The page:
The sixth book of the Iliad includes some of the most memorable and best-loved episodes in the whole poem: it holds meaning and interest for many different people, not just students of ancient Greek. Book 6 describes how Glaukos and Diomedes, though fighting on opposite sides, recognise an ancient bond of hospitality and exchange gifts on the battlefield. It then follows Hector as he enters the city of Troy and meets the most important people in his life: his mother, Helen and Paris, and finally his wife and baby son. It is above all through the loving and fraught encounter between Hector and Andromache that Homer exposes the horror of war. This edition is suitable for undergraduates at all levels, and students in the upper forms of schools. The Introduction requires no knowledge of Greek and is intended for all readers interested in Homer.
What people are saying - Write a review
We haven't found any reviews in the usual places.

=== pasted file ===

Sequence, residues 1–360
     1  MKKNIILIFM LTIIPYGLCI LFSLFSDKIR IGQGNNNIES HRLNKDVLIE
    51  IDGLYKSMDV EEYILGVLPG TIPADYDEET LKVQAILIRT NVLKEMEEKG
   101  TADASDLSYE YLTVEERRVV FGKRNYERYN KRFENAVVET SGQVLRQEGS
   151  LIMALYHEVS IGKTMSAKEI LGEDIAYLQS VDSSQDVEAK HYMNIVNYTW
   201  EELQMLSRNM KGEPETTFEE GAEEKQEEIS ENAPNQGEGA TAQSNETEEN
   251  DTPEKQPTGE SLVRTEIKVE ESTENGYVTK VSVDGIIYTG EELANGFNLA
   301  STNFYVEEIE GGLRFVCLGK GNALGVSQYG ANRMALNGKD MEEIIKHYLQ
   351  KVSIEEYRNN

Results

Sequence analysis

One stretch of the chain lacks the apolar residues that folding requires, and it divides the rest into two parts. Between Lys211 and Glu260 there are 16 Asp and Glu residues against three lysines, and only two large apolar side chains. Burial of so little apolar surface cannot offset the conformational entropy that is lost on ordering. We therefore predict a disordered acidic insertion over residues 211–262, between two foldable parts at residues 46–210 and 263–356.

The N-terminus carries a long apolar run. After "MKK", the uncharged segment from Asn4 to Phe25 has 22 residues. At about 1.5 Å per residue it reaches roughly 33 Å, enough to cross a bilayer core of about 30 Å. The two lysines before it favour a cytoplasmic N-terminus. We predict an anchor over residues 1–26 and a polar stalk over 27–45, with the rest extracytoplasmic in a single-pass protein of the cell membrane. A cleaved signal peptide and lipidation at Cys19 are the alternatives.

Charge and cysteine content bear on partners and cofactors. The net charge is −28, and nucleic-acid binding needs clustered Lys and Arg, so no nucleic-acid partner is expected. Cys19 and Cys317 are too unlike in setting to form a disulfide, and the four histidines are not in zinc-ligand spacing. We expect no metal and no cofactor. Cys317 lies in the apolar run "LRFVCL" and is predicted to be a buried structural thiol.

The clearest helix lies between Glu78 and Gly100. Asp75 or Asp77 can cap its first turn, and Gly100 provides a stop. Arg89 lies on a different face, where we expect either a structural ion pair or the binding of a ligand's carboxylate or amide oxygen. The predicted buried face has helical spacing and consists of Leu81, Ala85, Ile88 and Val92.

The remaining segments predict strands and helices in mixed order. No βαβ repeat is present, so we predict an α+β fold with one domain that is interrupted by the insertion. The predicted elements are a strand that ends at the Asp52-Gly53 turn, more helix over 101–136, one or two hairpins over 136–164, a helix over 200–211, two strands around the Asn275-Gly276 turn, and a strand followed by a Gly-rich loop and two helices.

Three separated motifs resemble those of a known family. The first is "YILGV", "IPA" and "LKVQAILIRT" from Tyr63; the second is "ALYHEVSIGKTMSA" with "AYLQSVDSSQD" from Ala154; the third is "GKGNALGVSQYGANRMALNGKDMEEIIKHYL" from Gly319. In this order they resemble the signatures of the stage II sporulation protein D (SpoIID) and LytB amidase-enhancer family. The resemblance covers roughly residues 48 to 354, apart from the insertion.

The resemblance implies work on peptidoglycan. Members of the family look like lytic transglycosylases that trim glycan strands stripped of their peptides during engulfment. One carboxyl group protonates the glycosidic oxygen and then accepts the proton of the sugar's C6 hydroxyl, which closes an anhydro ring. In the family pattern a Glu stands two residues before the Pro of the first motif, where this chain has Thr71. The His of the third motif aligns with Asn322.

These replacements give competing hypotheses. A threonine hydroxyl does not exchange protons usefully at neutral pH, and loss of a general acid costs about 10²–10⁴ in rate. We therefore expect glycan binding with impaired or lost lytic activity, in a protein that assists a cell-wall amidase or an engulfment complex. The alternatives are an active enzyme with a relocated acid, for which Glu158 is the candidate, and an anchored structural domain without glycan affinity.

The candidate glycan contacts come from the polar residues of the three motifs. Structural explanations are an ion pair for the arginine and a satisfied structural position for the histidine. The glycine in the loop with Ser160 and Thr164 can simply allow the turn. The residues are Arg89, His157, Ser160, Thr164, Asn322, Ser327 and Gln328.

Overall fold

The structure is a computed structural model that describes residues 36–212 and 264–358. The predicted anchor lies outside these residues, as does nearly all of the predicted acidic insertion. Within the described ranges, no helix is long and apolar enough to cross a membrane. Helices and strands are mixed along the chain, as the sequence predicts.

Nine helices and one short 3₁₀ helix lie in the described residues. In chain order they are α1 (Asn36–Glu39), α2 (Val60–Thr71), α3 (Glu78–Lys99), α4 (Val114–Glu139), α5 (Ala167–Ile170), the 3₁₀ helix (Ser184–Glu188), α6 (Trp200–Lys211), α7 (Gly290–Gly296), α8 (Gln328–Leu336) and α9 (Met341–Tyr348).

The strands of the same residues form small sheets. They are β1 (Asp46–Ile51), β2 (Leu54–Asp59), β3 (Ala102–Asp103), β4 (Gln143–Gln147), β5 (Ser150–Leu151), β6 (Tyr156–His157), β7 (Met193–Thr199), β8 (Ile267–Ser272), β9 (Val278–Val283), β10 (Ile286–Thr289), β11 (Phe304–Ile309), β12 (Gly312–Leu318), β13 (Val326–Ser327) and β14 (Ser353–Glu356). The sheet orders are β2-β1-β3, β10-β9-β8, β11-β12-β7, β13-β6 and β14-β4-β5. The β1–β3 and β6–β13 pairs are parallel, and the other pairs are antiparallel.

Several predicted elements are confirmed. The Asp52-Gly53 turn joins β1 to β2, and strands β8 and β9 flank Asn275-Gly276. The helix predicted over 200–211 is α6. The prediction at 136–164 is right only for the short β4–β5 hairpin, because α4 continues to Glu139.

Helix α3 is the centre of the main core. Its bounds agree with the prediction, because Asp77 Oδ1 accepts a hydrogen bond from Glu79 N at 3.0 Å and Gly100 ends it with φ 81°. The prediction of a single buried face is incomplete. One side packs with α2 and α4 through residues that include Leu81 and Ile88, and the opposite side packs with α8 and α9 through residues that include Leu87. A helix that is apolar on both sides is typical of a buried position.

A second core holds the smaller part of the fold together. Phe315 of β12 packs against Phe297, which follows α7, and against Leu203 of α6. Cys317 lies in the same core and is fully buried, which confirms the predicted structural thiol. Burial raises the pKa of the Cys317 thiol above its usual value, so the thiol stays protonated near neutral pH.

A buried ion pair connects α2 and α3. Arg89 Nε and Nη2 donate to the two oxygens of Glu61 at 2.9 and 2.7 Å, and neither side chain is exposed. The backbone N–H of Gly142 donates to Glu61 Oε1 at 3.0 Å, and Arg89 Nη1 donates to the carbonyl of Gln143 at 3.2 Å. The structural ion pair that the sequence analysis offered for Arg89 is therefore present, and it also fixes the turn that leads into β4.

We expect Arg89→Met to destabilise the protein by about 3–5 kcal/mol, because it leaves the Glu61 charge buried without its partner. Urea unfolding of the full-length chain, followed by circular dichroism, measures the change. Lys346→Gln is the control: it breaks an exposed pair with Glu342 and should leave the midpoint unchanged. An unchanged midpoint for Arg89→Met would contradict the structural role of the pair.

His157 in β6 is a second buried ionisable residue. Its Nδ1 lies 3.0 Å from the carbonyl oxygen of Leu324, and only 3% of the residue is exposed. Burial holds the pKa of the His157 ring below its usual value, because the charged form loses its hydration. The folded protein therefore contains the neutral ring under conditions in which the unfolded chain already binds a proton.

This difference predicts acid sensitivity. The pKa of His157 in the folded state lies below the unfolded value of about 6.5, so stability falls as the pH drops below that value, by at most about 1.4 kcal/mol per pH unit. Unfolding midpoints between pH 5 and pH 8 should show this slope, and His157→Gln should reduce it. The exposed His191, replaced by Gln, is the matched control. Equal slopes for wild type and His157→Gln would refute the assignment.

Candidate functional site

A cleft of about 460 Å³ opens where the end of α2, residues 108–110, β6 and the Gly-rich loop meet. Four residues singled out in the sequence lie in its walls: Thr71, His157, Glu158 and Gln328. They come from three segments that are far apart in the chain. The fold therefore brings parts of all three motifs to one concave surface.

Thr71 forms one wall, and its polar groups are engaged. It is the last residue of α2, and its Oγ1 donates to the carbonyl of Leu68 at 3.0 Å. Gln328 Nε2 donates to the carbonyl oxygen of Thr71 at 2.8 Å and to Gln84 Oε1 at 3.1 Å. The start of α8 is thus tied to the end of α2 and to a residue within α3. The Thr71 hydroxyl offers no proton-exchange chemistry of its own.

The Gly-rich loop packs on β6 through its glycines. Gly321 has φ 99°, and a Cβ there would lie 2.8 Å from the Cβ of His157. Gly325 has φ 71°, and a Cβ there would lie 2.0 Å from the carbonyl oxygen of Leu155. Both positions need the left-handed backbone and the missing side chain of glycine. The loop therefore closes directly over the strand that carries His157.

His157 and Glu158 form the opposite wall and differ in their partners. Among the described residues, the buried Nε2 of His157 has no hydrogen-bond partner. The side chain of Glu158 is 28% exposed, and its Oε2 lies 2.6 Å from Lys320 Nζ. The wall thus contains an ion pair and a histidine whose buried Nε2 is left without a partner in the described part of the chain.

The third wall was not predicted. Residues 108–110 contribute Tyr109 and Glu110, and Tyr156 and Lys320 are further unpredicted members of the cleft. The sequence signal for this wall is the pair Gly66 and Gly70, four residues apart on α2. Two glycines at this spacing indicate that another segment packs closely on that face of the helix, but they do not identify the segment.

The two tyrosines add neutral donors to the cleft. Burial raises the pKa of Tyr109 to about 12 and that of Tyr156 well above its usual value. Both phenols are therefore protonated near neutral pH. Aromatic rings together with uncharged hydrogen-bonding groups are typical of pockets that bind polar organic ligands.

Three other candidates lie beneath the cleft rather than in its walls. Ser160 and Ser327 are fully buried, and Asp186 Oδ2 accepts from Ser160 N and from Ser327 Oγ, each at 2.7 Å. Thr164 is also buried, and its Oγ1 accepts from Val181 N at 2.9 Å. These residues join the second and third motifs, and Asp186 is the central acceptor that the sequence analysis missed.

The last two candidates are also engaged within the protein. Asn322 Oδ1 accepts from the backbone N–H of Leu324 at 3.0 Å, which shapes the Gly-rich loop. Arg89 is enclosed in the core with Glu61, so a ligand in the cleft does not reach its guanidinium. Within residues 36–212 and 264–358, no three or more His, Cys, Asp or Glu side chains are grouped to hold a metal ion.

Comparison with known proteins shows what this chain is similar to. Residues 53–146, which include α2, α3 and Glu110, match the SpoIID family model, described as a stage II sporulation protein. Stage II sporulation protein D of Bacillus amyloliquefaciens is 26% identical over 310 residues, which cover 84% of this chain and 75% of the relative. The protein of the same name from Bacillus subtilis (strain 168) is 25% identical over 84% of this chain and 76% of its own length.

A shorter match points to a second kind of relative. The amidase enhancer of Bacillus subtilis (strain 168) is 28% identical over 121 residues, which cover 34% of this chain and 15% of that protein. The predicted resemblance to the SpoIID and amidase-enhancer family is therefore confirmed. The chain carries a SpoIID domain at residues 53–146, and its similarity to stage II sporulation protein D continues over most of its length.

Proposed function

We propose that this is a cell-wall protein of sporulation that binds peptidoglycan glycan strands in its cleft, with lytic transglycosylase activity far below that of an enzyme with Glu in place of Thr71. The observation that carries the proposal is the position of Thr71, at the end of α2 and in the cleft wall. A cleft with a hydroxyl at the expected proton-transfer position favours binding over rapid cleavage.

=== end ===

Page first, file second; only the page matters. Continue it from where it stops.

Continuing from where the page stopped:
Other editions - View all
Achaeans Achilles adjective Adrestos Agamemnon Ajax ancient readers Andromache Andromache's aorist Aristarchus Astyanax Athena attested audience battle battlefield behaviour Bellerophontes brother catalogue Chantraine characters Chimaira context contrast death describes Diomedes Dionysos direct speech discussion divine early epic early Greek epic emphasises encounter between Hector enjambment episode epithet example expression fall of Troy father fight formulaic further genitive Glaukos goddess gods Graziosi and Haubold Hector Hector and Andromache Hecuba Helen Helenos hexameter hiatus Horn husband Hymn Iliad Introduction 4.1 killed Kirk later LfgrE s.v. Lycia Lycurgus M. L. West Menelaos mentioned mother narrative noun Odysseus offer palace Paris particle passage phrase poem poet Priam Proitos ring composition ritual Scaean Gates scholia seems spear Stoevesandt 2008 story suggests syllable Theano's Theog traditional Trojans Tydeus van der Valk variant verb warriors wife words Zenodotus Zeus